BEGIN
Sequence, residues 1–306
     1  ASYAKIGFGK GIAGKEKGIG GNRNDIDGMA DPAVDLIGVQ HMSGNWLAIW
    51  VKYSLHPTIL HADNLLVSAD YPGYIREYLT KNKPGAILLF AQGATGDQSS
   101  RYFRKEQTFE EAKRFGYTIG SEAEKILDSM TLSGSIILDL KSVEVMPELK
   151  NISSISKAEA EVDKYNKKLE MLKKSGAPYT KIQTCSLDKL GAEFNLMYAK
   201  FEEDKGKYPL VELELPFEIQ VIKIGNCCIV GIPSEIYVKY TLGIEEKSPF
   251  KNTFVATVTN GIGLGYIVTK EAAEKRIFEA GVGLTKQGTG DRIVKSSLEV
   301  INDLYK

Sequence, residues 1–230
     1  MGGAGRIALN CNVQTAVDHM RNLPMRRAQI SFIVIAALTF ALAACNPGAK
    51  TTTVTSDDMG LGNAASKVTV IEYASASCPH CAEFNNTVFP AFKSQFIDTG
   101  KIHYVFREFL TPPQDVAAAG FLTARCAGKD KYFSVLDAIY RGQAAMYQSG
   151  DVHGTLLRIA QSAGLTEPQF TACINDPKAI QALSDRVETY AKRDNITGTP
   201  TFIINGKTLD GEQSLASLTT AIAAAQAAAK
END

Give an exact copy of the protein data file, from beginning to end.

Sequence, residues 1–306
     1  ASYAKIGFGK GIAGKEKGIG GNRNDIDGMA DPAVDLIGVQ HMSGNWLAIW
    51  VKYSLHPTIL HADNLLVSAD YPGYIREYLT KNKPGAILLF AQGATGDQSS
   101  RYFRKEQTFE EAKRFGYTIG SEAEKILDSM TLSGSIILDL KSVEVMPELK
   151  NISSISKAEA EVDKYNKKLE MLKKSGAPYT KIQTCSLDKL GAEFNLMYAK
   201  FEEDKGKYPL VELELPFEIQ VIKIGNCCIV GIPSEIYVKY TLGIEEKSPF
   251  KNTFVATVTN GIGLGYIVTK EAAEKRIFEA GVGLTKQGTG DRIVKSSLEV
   301  INDLYK

Sequence, residues 1–230
     1  MGGAGRIALN CNVQTAVDHM RNLPMRRAQI SFIVIAALTF ALAACNPGAK
    51  TTTVTSDDMG LGNAASKVTV IEYASASCPH CAEFNNTVFP AFKSQFIDTG
   101  KIHYVFREFL TPPQDVAAAG FLTARCAGKD KYFSVLDAIY RGQAAMYQSG
   151  DVHGTLLRIA QSAGLTEPQF TACINDPKAI QALSDRVETY AKRDNITGTP
   201  TFIINGKTLD GEQSLASLTT AIAAAQAAAK